MissJean May 27, 2006 at 5:11 pm

Jay, I’m the person who made the comment about the “Out of Hell Free” card on the posted link. Since my family is mostly Protestant, we often talk about the balance between being saved by grace and not through works and faith without works being dead. I stand by what I wrote. My late uncle believed that when he accepted Jesus as Lord, he needn’t even TRY to correct his behaviour. He was not alone in believing this. Another family member, a Protestant minister, has seen similar notions when he began a new ministry. This is a warping of the promise of salvation, just as those “sorta” Catholics who think as long as they do good things and give to charity, they’ll go to heaven – without developing a personal relationship with Jesus as their Saviour.

Mary May 28, 2006 at 8:07 am

A man describing the lessons learned from Child ballads: one was if you are pregnant, and this is inconvenient to anyone, NEVER EVER be alone with that person.

Maureen May 28, 2006 at 7:10 pm

The thing about music is… you write what you write and sing what you sing — what comes to you and what works. There is a lot that depends on things that musicians can’t put into words or make decisions about in any ordinary way. Intuition and feeling one’s way, that’s how you learn to write songs or perform. Every time it works, that’s a gift. You have no guarantee of ever being able to perform well, or at all, ever again.
Certainly there is plenty of rap out there which is positive. But then, there was heavy metal that was positive, too. It’s not the genre; it’s the individuals who make up that genre. And of course, the same musician can produce pernicious hateful or seductive crud and searing portrayals of the human condition. (Sounds like a few musicians I know, in fact.)
I will say that I highly recommend the recent hip hop album Voices from the Front Line, as being the perfect example of rap as folk music, expressing all sorts of emotions and thoughts which come from the heart.

James May 29, 2006 at 7:14 pm

Jimmy (Akin Breakin’ Heart) said:
“As to the paradox of why particular singers will sing both religious songs and those that glorify sin, the answer to that is simple also: They’re doing what singers have always done . . . trying to make money.”
Not always true. In the old days in Ireland, there were a few “professional” musicians who maybe got a small stipend if he played at a wedding or something. These were the notable ones. There were also plenty who just played for the fun of it, at home, at house parties, etc. Music was an integral part of the fabric of the people’s lives, and the majority of people could play some kind of instrument and/or sing.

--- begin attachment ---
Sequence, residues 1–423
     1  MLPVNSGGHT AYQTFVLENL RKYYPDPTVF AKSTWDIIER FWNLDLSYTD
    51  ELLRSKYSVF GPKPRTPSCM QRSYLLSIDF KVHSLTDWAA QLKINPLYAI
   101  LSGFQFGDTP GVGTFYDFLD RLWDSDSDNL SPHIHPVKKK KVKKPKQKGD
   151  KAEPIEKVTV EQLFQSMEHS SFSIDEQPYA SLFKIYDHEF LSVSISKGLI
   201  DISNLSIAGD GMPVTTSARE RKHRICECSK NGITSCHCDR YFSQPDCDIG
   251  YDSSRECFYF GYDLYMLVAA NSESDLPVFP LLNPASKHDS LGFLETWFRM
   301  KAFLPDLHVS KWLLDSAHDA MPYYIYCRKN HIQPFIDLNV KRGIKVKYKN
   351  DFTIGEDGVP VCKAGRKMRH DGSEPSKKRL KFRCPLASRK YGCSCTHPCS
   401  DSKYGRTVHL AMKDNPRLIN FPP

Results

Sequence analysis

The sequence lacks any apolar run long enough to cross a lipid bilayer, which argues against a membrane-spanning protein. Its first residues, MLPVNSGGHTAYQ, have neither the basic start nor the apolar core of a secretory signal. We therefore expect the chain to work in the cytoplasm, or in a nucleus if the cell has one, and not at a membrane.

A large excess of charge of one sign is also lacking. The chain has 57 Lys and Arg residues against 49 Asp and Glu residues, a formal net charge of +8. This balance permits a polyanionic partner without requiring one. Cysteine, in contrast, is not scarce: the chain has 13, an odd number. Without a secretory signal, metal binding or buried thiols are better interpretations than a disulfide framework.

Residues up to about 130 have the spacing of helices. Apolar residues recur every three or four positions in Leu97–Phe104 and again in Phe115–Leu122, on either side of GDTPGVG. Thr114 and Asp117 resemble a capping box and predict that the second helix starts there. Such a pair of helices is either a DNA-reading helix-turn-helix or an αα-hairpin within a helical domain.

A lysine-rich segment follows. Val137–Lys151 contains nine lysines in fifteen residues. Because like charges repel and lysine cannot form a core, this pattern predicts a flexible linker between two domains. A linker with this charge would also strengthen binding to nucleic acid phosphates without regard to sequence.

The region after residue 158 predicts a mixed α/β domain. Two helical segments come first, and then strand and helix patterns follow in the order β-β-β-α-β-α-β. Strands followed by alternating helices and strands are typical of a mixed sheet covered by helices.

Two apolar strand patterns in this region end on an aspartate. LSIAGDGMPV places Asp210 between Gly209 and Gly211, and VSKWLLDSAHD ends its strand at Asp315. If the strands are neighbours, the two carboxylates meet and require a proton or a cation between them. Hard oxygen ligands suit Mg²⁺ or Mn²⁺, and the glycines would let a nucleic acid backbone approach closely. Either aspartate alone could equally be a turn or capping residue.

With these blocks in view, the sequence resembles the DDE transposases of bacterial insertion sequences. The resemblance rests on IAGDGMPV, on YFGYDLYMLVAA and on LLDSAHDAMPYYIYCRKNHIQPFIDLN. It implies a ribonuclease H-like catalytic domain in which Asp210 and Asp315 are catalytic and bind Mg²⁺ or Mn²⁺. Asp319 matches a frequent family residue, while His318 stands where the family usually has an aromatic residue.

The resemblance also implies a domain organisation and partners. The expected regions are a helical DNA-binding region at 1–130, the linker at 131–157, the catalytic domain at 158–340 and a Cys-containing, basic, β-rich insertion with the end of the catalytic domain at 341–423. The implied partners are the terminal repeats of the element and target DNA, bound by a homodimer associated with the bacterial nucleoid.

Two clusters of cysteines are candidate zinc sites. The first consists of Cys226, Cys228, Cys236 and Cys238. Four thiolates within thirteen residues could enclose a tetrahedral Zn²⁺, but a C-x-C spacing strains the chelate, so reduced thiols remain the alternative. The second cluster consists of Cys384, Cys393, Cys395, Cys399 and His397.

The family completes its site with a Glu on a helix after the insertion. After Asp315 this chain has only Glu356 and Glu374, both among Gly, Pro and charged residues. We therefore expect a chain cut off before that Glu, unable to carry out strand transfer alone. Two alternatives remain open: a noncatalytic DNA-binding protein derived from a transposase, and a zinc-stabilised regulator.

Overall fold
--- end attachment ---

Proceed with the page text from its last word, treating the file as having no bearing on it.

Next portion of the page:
They did both religious and sinner songs because they, and the people they played for, were both religious and sinners. And even the ones who tried not to be sinners enjoyed songs about sinners and sinning nonetheless.
So, I think rather than money being the root issue, it is rather a matter of what people like and what reflects their experience, which also naturally happens to be what makes money for those who are professionals.
Ryan said:
“I’m a Catholic banjo player, and I don’t find many Catholics who understand folk music, and I definitely don’t find many folk musicians who understand Catholics.”
I’m a Catholic fiddle player.
In Ireland most folk musicians *are* Catholic.

mulopwepaul May 30, 2006 at 7:44 am

Please don’t try to tell me that country, western or bluegrass music are folk musics. They all spring from the 1920’s and 1930’s and the advent of the radio. People who mistake them for traditional music are taking what the record companies want you to believe as some sort of revealed truth.
We can talk about old time music, but that’s an entirely different set of songs, and the genre simply can’t be interpreted the same way.
The ballads and tunes written before the advent of mass media have a documentary/journalistic quality that we no longer expect, so the ballads about shootings and adulteries are reported mainly as matters of fact, without the need for editorialising, but I challenge anyone to produce an actual folk song documented in more than one location which documents any sort of crime or sin which presents those acts in a positive light.
There’s an entirely different set of assumptions that went into music before it became a matter of business, and was instead a commonplace activity.

mulopwepaul May 30, 2006 at 7:47 am

I should add that any song which has a copyright is by definition not truly a folk song.

mulopwepaul May 30, 2006 at 7:55 am

I also don’t mean to suggest that mainstream Catholicism in the U.S. is is any better shape than mainstream Protestantism, or that pious southern Protestants don’t exist. But pious southern Protestants must surely have noticed that they’re no longer driving southern culture the way they did before the advent of mass media.